Our brains are better at hearing new and approaching sounds than detecting when a sound disappears, according to a study published September 27 funded by the Wellcome Trust. The findings could explain why parents often fail to notice the su
dden quiet from the playroom that usually accompanies the onset of mischief.
Researchers at the UCL Ear Institute wanted to try and understand what makes certain sounds easily detectable while others go unnoticed. Learn more about the results of this study by following this link.
The demand in the hearing healthcare industry is rising, not in the field yet, perhaps considering a career change with more employment prospects? Or trying to decide on a major for a career with good job prosp
ects after graduation? Consider a career in relation to services for the deaf and hard of hearing.
According to the Hearing Loss Association of America, hearing loss is surpassed only by arthritis and heart disease as the most common physical condition. “And now is the time to provide education and eliminate barriers that keep these individuals from actively participating in life,” says Jo Black, Executive Director of the California organization, the Sacramento Independent Living Resource Center, Inc. (SILC). Discussed in this article are many of the needs of those who are deaf or hard of hearing, that in recognition of September as “Deaf Awareness month” and October as “Employment for Persons with Disabilities” month, aims to educate people about the issues/obstacles faced by the deaf or hard of hearing on a daily basis.
A board member of Hands & Voices, Karen Putz, has released a new book: The Parenting Journey, Raising Deaf and Hard of Hearing Children. Karen Putz grew up hard of hearing and became deaf as a teen. When her own kids began losing their hearing one by one, she figured she had all the answers. She quickly learned it was a whole other ball game to be a parent of deaf and hard of hearing kids. Karen shares the twists and turns of her journey and the wisdom she’s learned along the way in this book, available at Amazon.com.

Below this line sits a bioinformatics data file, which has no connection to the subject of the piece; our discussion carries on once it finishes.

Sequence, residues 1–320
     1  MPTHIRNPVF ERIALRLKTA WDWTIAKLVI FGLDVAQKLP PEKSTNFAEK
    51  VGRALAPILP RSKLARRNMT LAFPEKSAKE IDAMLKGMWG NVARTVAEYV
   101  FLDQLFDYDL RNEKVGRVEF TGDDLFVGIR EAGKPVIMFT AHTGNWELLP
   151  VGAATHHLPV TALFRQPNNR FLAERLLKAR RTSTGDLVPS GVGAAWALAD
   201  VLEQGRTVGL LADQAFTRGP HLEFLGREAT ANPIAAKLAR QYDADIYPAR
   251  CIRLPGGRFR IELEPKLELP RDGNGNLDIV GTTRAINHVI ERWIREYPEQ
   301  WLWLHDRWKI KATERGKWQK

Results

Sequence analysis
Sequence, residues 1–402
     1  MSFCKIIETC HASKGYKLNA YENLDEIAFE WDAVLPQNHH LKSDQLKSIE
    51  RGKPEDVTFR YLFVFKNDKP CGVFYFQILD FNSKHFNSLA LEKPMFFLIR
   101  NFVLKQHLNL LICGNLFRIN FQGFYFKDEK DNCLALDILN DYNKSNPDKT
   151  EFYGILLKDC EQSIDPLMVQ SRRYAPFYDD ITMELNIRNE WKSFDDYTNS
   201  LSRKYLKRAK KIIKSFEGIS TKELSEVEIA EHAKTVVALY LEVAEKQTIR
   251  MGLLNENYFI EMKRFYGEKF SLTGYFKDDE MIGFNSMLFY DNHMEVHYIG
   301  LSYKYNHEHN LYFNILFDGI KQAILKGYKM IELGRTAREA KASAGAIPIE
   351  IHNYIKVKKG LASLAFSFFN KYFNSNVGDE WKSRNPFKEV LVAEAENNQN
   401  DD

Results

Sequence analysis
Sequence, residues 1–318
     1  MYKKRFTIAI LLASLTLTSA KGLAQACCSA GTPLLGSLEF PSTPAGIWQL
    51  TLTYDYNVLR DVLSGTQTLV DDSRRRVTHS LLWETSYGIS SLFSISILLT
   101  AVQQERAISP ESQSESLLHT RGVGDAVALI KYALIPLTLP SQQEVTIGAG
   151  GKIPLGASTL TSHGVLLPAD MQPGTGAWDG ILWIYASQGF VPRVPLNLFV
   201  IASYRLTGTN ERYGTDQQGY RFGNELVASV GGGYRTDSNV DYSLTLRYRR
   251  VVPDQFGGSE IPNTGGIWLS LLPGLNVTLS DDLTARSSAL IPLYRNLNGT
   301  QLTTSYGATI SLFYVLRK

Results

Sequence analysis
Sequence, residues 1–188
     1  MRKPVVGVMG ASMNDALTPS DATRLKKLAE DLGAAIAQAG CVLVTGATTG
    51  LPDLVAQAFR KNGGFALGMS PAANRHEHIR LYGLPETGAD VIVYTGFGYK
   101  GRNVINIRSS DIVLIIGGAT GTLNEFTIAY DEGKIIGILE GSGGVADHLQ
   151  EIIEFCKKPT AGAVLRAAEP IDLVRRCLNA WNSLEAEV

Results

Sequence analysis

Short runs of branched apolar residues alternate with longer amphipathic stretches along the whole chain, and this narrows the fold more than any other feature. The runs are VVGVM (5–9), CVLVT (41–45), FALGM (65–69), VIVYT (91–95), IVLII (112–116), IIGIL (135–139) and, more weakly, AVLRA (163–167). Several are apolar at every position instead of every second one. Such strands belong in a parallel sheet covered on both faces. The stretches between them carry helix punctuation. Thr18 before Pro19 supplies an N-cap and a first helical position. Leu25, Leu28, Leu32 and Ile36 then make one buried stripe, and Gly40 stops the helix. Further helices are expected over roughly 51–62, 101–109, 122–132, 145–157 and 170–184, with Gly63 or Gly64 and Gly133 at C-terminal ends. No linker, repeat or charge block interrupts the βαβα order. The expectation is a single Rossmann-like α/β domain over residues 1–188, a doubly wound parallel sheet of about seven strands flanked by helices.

Leptin — commonly dubbed the “fat hormone” — does more than tell the brain when to eat. A new study suggests that leptin may play a role in hearing and vision loss. This discovery, made in zebrafish treated to produce low leptin, could ultimately help doctors better understand sensory loss in humans. Follow this link to learn more about the study.
suffer from hearing problems. But, the irony is that many a times the symptoms
are completely neglected that leads to further hearing loss in the kids
and may even lead to deafness.
ASHA shares some FREE online resources for children’s communication needs. Check them out by following this link!
A British study reveals that eight out of ten have not considered that they can damage their hearing or get tinnitus from turning up their music. The charitable organization Action on Hearing Loss carried out a survey involving 1,000 Britons. Surprisingly, 80% of them did not know that it can damage your hearing to listen to loud music. What do your kids know?
AG Bell’s 2012 Parent-Infant Financial Aid Program is accepting
applications until October 1, 2012 – just less than two weeks away!
Information and an application packet are available on the AG Bell
This program is for families of
children from birth to 3 years of age who have been diagnosed with a
moderate to profound bilateral hearing loss and who are in pursuit of
spoken language education for their child. Awards are intended to assist
with expenses for things such as auditory support services,
speech-language therapy, preschool tuition, etc.
apply should be committed to a listening and spoken language approach
for the education of their child’s listening, speech and cognitive
Carolyn McCaskill remembers exactly when she discovered that she
couldn’t understand white people. It was 1968, she was 15 years old, and
she and nine other deaf black students had just enrolled in an
integrated school for the deaf in Talledega, Alabama. The teacher’s quicksilver hand movements looked little like the sign
language McCaskill had grown up using at home with her two deaf siblings
and had practiced at the Alabama School for the Negro Deaf and Blind,
just a few miles away.
What intrigues McCaskill and other experts in deaf culture today is the
degree to which distinct signing systems — one for whites and another
for blacks — evolved and continue to coexist today. This article discusses some of the differences in sign language as used in the U.S. based on race.
The Center for
Early Literacy Learning (CELL) has published this new meta-analysis,
which included 36 studies of 687 children
with disabilities or delays. The study focused on effectiveness of
different types of assistive technology (AT) for promoting the early
communication and literacy abilities of young children 30 to 87 months
of age. The children used different types of speech
generative devices (e.g., VOCA, CheapTalk, MINISPEAK) and various types
of computer software and devices (e.g., computer-based instruction,
adapted keyboards). Results showed that both types of AT promoted the
children’s communication and literacy-related